Collaborations responds to the growing pressure on the humanities and social sciences to justify their impact and utility after cuts in public spending, and the introduction of neoliberal values into academia. Arguing ‘in defense of’ anthropology, the editors demonstrate the continued importance of the discipline and reveal how it contributes towards solving major problems in contemporary society. They also illustrate how anthropology can not only survive but thrive under these conditions. Moreover, Collaborations shows that collaboration with other disciplines is the key to anthropology’s long-term sustainability and survival, and explores the challenges that interdisciplinary work presents.
The book is divided into two parts: Anthropology and Academia, and Anthropology in Practice. The first part features examples from anthropologists working in academic settings which range from the life, behavioural and social sciences to the humanities, arts and business. The second part highlights detailed ethnographic contributions on topics such as peace negotiations, asylum seekers, prostitution and autism. Collaborations is an important read for students, scholars and professional and applied anthropologists as it explores how anthropology can remain relevant in the contemporary world and how to prevent it from becoming an increasingly isolated and marginalized discipline.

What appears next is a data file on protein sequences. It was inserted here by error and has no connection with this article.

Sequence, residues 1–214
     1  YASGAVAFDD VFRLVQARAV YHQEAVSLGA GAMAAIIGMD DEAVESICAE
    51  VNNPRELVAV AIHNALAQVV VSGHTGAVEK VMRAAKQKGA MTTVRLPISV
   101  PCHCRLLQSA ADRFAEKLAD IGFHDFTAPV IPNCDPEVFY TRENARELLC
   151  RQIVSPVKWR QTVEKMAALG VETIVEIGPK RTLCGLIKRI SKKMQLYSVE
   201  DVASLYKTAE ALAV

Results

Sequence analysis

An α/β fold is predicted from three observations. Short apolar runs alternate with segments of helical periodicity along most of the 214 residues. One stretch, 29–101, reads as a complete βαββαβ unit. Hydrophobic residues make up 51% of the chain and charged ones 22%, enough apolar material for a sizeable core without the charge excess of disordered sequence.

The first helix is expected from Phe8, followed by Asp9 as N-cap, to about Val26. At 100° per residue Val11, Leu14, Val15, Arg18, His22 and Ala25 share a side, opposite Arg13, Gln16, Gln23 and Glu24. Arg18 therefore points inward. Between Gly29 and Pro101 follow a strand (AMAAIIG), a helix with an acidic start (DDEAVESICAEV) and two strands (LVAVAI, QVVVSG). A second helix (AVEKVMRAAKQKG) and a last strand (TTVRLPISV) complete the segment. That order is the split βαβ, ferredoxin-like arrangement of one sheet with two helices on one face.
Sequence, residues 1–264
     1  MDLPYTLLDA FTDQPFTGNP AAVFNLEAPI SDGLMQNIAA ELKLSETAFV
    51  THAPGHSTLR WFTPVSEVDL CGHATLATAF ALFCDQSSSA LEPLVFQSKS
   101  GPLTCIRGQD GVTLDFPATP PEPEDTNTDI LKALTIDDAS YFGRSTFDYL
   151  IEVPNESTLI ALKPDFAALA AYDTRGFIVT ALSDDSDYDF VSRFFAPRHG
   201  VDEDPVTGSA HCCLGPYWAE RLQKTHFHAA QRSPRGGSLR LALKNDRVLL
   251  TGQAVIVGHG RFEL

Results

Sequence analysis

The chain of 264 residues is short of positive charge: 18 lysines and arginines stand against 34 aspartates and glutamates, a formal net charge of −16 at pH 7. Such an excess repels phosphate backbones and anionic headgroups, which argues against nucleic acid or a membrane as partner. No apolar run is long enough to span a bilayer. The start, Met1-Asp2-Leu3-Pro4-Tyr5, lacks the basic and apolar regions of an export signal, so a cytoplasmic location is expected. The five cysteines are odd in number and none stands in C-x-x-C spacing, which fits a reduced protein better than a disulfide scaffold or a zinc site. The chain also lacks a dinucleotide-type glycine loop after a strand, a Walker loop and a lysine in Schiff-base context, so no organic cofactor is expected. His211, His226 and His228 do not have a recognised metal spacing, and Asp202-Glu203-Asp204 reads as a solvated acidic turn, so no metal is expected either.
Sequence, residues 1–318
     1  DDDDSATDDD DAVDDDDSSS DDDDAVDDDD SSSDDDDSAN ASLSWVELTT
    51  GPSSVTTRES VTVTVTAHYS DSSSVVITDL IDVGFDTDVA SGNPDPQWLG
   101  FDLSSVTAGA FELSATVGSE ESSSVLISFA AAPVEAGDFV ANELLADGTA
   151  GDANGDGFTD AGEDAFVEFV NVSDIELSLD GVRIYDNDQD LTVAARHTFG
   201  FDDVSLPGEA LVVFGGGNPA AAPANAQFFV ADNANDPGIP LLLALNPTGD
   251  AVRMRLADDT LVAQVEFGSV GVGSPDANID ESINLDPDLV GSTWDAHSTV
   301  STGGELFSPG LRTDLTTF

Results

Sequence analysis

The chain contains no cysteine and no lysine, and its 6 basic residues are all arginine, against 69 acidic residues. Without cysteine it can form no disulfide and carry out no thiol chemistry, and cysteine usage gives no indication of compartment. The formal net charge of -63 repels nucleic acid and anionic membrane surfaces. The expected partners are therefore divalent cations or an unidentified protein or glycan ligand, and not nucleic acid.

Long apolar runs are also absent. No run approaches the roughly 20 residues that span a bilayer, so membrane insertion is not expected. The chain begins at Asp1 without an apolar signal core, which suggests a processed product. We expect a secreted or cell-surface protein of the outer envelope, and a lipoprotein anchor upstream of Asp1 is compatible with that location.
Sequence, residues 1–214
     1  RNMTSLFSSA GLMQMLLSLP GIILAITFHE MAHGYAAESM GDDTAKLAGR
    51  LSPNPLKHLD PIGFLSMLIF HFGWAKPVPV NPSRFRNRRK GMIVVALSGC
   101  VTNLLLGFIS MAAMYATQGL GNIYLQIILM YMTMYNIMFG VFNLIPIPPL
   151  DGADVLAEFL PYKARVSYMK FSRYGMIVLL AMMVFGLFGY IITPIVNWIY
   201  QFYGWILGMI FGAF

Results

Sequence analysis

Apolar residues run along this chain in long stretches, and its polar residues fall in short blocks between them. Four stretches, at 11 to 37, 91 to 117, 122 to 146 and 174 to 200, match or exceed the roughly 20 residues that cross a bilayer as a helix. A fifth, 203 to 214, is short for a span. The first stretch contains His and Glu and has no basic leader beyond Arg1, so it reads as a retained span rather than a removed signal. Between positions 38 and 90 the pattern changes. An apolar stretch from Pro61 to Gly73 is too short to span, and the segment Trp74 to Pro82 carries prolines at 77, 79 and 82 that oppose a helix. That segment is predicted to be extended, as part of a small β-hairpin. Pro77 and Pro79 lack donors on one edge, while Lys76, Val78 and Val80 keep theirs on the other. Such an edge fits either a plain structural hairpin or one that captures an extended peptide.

Table of Contents
Emma Heffernan, Fiona Murphy and Jonathan Skinner
Part 1: Anthropology and Academia
1. Symbiotic or Parasitic? Universities, Academic Capitalism and the Global Knowledge Economy
2. Leave a Light On For Us: The Future of a Collaborative Anthropology in the Neoliberal University
3. Most Humanistic, Most Scientific: Experiencing Anthropology in the Humanities and Life Sciences
4. Polyphony for the Ivory Tower Blues: Critical Pedagogies in Graduate Professional Development
5. Symbiosis or Entrepreneurialism? Ambivalent Anthropologies in the Age of the (Neo)Liberal Arts
Carolyn Hough and Adam Kaul
6. Matters of Anthropology and Social Justice: Reflections on Collaborations
Part 2: Anthropology in/of Practice
7. Anthropology, Art and Design as Collaborative Agents of Change for a Sustainable Future: The Give a Shit Project as Case Study
8. Anthropology and Architecture: Motives and Ethics in Creating Knowledge
Anne Sigfrid Gronseth and Eli Stoa
9. Collaboration in Crisis: Towards a Holistic Approach to Health and Social Care Supports for Vulnerable Populations
10. Anthropology and Peace Making
11. More Than a Matter of Proportion: A Critical Consideration of Anthropology’s Role in Peace and Conflict Studies
12. For Christ and State: Collaboration, EJK, and the Communal Subject
Emma Heffernan is Clinical Lecturer in the School of Nursing and Midwifery, Trinity College Dublin, Ireland.
Fiona Murphy is Research Fellow at the Senator George J. Mitchell Institute for Global Peace, Security and Justice at Queen’s University Belfast, UK.
Jonathan Skinner is Reader in Anthropology at the University of Roehampton, UK.